Researchers are now directly linking an organization’s green performance with the transformational leadership and term it as green transformational leadership . Chen et al (2014, 6605) defines it as “behaviour of leaders who motivate followers to achieve environmental goals and inspire followers to perform beyond expected levels of environmental performance” . Similarly, other research studies assert that transformational leaders provide vision and set operational framework for green performance within the organizations (Peenstra & Silvius, 2017) and they can inspire the followers to develop a collective thinking pattern and broaden their working perspective by linking it with the society and environment (Dong et al., 2017). Therefore, it can be abstracted that transformational leadership style could play a significant role in introducing green procurement practices in organizations by providing a broader vision and inspiring the followers to include environmental concerns in their actions.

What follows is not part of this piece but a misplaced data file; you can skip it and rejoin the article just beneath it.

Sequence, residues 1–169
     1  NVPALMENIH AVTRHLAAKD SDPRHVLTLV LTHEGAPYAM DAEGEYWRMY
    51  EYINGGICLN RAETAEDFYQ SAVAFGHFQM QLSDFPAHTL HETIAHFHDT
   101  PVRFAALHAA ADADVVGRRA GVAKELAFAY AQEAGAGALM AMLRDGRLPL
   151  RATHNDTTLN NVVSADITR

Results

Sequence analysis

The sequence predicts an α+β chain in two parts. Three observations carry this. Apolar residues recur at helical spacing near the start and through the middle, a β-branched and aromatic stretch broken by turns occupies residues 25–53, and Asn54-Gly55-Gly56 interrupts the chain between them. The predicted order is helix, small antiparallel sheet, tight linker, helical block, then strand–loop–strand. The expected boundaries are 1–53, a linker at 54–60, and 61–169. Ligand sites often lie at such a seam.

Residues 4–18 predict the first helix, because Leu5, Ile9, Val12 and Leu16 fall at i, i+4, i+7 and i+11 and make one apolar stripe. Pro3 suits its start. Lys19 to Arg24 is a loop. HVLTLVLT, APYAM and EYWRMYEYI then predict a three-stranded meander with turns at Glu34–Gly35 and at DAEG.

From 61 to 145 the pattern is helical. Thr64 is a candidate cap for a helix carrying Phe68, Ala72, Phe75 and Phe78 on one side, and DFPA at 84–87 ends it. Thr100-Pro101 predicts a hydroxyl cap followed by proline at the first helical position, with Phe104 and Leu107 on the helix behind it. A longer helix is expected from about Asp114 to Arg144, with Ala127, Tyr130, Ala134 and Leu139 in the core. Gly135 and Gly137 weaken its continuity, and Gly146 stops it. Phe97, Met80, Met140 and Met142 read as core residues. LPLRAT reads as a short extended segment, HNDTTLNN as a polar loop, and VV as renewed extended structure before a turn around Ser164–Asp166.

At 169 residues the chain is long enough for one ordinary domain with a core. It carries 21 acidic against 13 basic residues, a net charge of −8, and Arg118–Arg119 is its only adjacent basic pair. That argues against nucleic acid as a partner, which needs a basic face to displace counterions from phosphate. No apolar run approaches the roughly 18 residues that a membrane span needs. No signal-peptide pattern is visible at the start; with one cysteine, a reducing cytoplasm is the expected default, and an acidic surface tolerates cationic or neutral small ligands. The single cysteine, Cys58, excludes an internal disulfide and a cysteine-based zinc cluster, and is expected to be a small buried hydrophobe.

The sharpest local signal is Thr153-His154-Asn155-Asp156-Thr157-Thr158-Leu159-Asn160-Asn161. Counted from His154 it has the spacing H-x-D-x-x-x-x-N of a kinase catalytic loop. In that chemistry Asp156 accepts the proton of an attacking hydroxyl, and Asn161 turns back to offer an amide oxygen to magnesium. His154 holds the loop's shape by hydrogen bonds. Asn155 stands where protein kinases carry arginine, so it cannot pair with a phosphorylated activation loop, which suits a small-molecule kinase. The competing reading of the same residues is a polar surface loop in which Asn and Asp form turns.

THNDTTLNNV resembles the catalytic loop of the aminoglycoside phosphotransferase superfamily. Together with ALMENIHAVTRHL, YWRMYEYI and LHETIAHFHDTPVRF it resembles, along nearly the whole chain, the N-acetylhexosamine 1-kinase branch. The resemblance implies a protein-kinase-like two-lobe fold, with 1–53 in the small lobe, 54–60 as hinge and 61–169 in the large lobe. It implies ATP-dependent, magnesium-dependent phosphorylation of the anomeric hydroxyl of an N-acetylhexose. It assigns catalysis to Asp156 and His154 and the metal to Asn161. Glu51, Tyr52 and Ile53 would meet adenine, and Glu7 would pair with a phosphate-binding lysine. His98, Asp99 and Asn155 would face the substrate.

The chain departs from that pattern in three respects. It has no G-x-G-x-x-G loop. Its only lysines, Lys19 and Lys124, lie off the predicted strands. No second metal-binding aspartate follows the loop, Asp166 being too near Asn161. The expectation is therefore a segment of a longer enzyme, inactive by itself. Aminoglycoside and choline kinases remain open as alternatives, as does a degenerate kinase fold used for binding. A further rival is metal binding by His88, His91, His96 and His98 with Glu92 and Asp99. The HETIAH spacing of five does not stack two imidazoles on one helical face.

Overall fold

There is surprisingly little research on organizational factors which can play a critical role in making organizational practices more sustainable (Grob & Benn, 2014). More specifically, our current knowledge level is quite low concerning the role of visionary leadership in introducing sustainable practices in organizations. Literature is incessantly elucidating the fact that a typical efficiency-seeking managerial behaviour and mind-set is unable to comprehend the linkage between sustainable practices and competitive advantage of a firm. Therefore, in order to adopt sustainable corporate practices, such as green procurement, organizations need to nurture leaders with a broader vision who could balance the environmental performance with corporate benefits (Roman, 2017).